Frac sand mining bill clears another hurdle
Companion bills in the Minnesota House and Senate addressing environmental and health concerns related frac sand mining have been approved by policy committees and now move to finance panels.
Votes to move the bills forward have been mostly along party lines, with Republicans mostly opposed.
The silica sand has been mined for years in Minnesota, but because it's now used in hydraulic fracturing to produce oil and gas, demand is increasing dramatically and Minnesota communities are coping with the increased activity.
Sen. Matt Schmit, DFL-Red Wing, says neither the state nor local governments are ready for a rapid increase in permit requests for new mines. He's sponsor of a bill that would set up a technical advisory council to help local governments deal with frac sand mining health and environmental questions.
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All you have to do is look over to Wisconsin," he said. "Just two years ago, there was small handful of mining permit requests, and two years later we have over 100 mining operations."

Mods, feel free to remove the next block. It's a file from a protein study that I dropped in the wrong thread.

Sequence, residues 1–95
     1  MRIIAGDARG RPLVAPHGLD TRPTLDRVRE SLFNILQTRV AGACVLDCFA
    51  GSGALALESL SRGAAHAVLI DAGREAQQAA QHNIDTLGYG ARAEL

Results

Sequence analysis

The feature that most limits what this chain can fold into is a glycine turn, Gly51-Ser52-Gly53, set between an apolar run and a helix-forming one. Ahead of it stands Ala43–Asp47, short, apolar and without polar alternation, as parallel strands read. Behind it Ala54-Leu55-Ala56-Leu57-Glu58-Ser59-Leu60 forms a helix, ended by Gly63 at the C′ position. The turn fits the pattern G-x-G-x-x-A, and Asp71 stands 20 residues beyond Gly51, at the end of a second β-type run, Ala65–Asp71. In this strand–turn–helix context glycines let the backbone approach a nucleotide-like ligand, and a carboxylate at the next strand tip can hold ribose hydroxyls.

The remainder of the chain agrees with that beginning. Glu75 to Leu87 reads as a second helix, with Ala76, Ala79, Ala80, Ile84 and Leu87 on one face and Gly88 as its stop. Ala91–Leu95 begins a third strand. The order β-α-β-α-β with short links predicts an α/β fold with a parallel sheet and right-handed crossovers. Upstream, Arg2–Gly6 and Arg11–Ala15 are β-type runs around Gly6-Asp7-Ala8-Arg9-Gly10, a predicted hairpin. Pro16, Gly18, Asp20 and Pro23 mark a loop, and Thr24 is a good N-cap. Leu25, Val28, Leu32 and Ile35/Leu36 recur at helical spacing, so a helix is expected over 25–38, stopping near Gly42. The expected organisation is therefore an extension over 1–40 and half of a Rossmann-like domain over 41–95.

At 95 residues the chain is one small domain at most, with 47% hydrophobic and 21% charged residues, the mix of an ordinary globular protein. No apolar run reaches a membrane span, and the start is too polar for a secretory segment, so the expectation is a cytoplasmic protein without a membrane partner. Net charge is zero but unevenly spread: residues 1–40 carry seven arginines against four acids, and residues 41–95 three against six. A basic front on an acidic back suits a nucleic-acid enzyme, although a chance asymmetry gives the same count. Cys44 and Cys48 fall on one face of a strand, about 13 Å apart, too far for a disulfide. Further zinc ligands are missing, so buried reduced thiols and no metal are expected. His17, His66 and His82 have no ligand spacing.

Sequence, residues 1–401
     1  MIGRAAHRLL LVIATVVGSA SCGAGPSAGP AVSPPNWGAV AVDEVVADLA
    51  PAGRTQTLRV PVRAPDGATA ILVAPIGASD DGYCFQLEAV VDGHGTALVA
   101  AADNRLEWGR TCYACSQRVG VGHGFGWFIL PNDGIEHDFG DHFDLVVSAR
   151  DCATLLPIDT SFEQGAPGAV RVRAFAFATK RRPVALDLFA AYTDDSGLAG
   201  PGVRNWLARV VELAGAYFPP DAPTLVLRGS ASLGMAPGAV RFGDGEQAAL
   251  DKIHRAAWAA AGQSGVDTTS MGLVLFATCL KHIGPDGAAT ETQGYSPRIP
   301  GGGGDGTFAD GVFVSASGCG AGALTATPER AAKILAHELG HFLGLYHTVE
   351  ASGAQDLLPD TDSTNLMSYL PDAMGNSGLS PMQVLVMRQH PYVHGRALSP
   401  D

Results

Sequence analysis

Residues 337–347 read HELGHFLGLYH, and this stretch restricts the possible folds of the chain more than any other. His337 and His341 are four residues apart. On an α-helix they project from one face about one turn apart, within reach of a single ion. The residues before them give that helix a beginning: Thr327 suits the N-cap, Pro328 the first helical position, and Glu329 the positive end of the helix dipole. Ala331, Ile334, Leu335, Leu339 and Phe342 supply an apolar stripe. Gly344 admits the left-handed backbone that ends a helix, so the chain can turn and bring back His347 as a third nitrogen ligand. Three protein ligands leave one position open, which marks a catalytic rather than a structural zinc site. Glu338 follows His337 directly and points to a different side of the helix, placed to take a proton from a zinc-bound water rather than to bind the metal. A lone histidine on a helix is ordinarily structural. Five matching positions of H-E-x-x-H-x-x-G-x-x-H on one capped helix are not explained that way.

But industry critics say existing state rules and local land use controls are adequate, and they worry that added regulations could make their operations uncompetitive.
Speaking at a Senate hearing Wednesday night, Scott Sustacek, CEO of Jordan Sands, said his company, in Mankato, has spent more than $1 million studying environmental issues for a new silica sand mine that will create 70 new jobs. He urged lawmakers not to stifle the industry with regulations.
"We really cannot make the solution so expensive that it puts operators in this industry, especially small ones like ours, trying to come into the marketplace, at risk by imposing high taxes or fees that really make us noncompetitive with people around the country," he said.